A breakup is also an opportunity to heal your heart for yourself. This means looking inward and doing the hard work. If you keep leaning on your ex, you are avoiding dealing with the pain that they are not your person, and this avoidance will only hurt you and your future relationships in the long run.
In the same way, you don’t want your partner to be leaning on you for emotional support during this time. You may still love them, and it may feel hard to not be there for them during this grief period. However, the more loving action is to hold the boundary, because if you try and support them, you are preventing them from greiving and letting go of you, too. Their work is to heal and find support in their own way, and that does not have anything to do with you.
Reach out for further support
Learning how to deal with breakup pain is hard for so many reasons. You have to learn how to live without a person you shared your heart, your body, and your life with. You have to create new rituals. And you have to get comfortable being in your own company again. All of this work, detaching from a person that you love, is incredibly painful.
A therapist that specializes in relationships and life transitions can help you in so many ways:
- Processing the breakup pain you are experiencing and guide you in how to process a break up
- Reflection on the patterns of the relationship- those that were helpful and those you’d like to leave behind
- Create a narrative for the meaning of the relationship more broadly in your life
- Get clear on your own individual values and goals
- Manage discomfort with being alone
- Create strategies to make decisions aligned with your newly defined values
- Work through any places you get stuck mentally or emotionally in this work
- How to develop a secure attachment with yourself that will become the foundation of all your relationships
This is a complex process and professional, neutral support can help you to make sure you are properly healing so that you do not carry forward unprocessed emotions into your next relationship.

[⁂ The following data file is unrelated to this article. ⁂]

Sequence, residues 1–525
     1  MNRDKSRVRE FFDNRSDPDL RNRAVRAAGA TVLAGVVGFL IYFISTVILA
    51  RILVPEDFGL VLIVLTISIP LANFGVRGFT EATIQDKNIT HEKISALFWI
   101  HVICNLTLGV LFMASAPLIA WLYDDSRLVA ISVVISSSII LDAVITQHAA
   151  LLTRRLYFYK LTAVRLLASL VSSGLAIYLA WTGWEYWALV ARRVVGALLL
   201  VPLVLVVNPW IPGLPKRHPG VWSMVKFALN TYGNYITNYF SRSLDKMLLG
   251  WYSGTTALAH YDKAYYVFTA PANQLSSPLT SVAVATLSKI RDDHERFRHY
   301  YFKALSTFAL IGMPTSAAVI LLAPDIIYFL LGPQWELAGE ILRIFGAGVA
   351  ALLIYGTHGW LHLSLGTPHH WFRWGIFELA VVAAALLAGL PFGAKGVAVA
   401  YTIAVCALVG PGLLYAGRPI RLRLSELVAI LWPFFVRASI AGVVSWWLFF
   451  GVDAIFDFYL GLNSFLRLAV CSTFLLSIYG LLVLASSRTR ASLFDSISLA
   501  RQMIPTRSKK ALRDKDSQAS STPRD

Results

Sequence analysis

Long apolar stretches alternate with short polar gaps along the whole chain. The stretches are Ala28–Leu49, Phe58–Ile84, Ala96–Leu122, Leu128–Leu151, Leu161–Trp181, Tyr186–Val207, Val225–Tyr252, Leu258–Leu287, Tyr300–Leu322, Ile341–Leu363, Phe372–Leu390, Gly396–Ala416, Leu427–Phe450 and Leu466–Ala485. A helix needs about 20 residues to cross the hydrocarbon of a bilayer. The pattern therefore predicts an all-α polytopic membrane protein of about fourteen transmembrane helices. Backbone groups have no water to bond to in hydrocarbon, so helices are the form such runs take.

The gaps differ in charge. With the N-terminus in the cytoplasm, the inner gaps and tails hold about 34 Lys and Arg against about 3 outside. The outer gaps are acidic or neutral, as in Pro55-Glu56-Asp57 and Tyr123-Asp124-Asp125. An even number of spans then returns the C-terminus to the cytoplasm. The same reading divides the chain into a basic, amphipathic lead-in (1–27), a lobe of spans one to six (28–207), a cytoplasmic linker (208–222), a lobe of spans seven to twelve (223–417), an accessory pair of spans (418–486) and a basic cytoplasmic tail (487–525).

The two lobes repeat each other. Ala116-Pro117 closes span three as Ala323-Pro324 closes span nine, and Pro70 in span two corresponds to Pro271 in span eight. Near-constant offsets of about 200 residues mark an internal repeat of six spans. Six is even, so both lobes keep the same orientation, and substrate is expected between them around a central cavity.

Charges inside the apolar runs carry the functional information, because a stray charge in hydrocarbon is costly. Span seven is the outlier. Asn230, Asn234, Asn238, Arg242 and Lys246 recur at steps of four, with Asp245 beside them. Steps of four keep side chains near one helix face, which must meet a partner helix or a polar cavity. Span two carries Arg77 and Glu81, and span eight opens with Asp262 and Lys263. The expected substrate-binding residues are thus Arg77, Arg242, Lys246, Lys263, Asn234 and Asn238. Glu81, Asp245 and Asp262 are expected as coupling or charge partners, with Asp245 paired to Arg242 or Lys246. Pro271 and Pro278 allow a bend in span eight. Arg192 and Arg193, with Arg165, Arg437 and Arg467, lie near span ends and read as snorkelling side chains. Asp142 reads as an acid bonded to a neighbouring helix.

Rediscover yourself and embrace all that is coming
As you get through the pain of the relationship, you will slowly start to see this breakup as an opportunity for self discovery. Reconnect with activities, interests, and passions that you love to give your time that may have taken a backseat during your relationship.
Explore new hobbies, and set new goals for yourself. Figure out what makes you feel happy, alive, and fulfilled, and follow those things.
It can be impossible to remember when you are in the thick of a breakup, but you will survive this journey. Your life will move forward in new ways you could have never imagined. Keep your heard and mind open to new opportunities, people, and changes.
Allow the end of this chapter to be the start of a new one.
More resources to support you in coping with a breakup
As you process and learn to deal with breakup pain and heal, this time can be a wonderful opportunity to learn more about yourself and your tendencies in relationships.
Discovering your own attachment style can be a great place to start and can help you connect the dots on why your relationship didn’t work out, and what to look for in the next one.
Check out this blog post for a guide of attachment theory overall. We’ve also created a free attachment style assessment you can take to figure out where you land and how to use this information moving forward.